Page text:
Erivedge (vismodegib) is the new orally administered hedgehog-pathway inhibitor.
Its results in Basal Cell Nevus Syndrome (Gorlin syndrome) are impressive as shown by Tang, Mackay, Aszterbaum et al in the June issue of New England Journal of Medicine ( 366;23, page 2180). Of 41 patients studied with a combined 2700 basal cell cancers tracked, all tumors responded to vismodegib with nearly complete clinical remission in some patients. However, most basal cell carcinomas regrew once treatment was stopped. Histologic correlation of clinically resolved lesions discovered residual tumors present in only 17% of biopsy samples.
Two significant conclusions were drawn from the study. First, the lack of development of resistance in BCCa’s during treatment and the rarity of metastases correlate with the genomic stability of these cancers. The second conclusion addressed the temporary nature of the response to vismodegib. Drug-tolerant tumor stem cells exist from which regrowth occurs.
Another disappointing feature of the drug is the side effects. 54% of patients discontinued the drug due to side effects within 18 months. These included dysgeusia (alteration or loss of taste), muscle cramps, hair loss, and weight loss. All symptoms reversed within 3 months of stopping the drug.
Sekulic et al study in the same issue of New England Journal of Medicine (366,23; page 2171) evaluated response to vismodegib in advanced basal cell carcinomas – the non-inherited version of the disease. Although majority of patients had responded to treatment, of the patients with locally advanced BCCa’s 60% had a clinical response and 32% had complete response. 54% of biopsies had no residual BCCa. Metastatic BCCa response rate was lower at 45%. Mean duration of response was 11 months. Half the patients had stopped the drug during the study either due to the side effects or due to disease progression.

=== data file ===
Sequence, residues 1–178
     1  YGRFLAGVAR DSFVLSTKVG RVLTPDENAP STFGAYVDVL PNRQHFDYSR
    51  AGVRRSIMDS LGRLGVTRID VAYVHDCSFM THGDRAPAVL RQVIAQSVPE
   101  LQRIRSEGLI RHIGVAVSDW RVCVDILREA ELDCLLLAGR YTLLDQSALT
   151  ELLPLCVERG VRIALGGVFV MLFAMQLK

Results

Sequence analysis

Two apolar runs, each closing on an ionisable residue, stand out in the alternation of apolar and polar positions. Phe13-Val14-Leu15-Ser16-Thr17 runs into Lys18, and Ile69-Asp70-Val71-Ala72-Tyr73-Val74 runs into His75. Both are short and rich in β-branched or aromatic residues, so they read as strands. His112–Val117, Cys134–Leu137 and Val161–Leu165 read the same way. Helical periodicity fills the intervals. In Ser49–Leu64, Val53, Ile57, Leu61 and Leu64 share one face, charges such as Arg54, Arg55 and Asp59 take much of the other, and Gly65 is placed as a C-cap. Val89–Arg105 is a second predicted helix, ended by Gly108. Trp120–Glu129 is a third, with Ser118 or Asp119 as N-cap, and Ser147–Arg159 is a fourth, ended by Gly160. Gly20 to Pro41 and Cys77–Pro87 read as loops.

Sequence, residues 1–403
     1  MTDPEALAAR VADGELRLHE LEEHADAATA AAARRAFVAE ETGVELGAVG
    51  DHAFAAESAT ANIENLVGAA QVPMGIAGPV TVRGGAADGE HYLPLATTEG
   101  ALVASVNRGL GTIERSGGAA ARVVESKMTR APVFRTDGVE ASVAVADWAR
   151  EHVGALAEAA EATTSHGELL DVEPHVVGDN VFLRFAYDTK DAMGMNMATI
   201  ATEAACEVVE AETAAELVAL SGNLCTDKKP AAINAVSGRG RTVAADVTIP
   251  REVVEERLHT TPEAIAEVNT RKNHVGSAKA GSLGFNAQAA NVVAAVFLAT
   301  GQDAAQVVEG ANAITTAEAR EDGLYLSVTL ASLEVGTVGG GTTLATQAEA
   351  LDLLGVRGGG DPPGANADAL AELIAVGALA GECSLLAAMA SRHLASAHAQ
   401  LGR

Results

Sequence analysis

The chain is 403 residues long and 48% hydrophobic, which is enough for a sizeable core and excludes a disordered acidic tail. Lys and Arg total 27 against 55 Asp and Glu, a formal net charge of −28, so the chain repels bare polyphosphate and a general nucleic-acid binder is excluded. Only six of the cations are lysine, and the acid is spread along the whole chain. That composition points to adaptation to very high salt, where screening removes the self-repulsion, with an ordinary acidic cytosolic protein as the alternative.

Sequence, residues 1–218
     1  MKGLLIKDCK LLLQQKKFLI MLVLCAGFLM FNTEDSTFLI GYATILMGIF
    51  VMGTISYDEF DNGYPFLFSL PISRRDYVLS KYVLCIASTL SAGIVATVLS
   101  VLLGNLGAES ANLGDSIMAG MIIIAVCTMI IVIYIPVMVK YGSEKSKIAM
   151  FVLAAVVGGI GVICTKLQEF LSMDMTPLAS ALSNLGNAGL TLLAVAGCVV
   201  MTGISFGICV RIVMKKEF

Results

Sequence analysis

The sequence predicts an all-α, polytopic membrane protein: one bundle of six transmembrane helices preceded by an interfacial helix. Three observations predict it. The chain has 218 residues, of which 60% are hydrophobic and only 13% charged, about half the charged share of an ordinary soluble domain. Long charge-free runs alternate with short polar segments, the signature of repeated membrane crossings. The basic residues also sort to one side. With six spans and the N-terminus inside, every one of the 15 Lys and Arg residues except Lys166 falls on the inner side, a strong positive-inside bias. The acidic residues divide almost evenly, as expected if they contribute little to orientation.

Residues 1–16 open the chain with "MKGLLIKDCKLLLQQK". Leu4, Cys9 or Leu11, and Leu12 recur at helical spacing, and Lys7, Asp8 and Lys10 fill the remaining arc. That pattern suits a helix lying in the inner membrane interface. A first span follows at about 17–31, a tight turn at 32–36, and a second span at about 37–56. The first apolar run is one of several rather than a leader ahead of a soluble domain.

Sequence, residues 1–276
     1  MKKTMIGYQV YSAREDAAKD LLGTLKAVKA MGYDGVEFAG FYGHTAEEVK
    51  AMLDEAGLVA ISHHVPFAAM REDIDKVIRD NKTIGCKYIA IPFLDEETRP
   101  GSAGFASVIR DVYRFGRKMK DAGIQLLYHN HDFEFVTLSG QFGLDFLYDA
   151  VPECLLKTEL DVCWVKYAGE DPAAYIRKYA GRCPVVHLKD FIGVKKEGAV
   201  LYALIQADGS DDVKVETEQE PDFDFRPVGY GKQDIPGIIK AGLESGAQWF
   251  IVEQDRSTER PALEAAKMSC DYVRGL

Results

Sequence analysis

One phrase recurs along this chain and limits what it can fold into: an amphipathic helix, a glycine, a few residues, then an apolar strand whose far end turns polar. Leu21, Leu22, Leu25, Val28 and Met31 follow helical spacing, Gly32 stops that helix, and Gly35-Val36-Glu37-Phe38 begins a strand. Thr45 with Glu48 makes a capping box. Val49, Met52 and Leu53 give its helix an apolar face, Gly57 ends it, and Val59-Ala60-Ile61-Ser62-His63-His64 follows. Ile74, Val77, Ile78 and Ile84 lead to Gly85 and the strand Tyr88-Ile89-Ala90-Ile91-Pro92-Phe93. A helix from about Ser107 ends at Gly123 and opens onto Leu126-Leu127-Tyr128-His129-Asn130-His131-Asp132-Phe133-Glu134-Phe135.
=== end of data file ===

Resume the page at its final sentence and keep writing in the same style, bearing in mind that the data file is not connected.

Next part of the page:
Unlike the Basal Cell Nevus Syndrome (BCNS) lesions, not all non-inherited advanced BCCa’s respond to treatment, although majority do. In both studies, the duration of response was temporary. The non-inherited BCCa regrew while on vismodegib, while the BCNS BCCa’s regrew after discontinuation of treatment. In both groups, half the patients stopped the drug for various reasons within 18 months of treatment. Histology findings were also similar – with no BCCa found in lesions that recurred at a later time.
A few clinical implications can be drawn from these findings. Treatment with vismodegib means chronic suppression of Basal cell carcinomas and not cure. The limitation of treatment in Basal Cell Nevus Syndrome are primarily side effects. While in non-inherited advanced BCCa’s, the limitation to chronic use is also cancer progression while on therapy. The average duration of response is only a year in advanced BCCa’s.
More research in inhibition of the the hedgehog pathway at different points is needed if medical cure for basal cell carcinoma is to be achieved.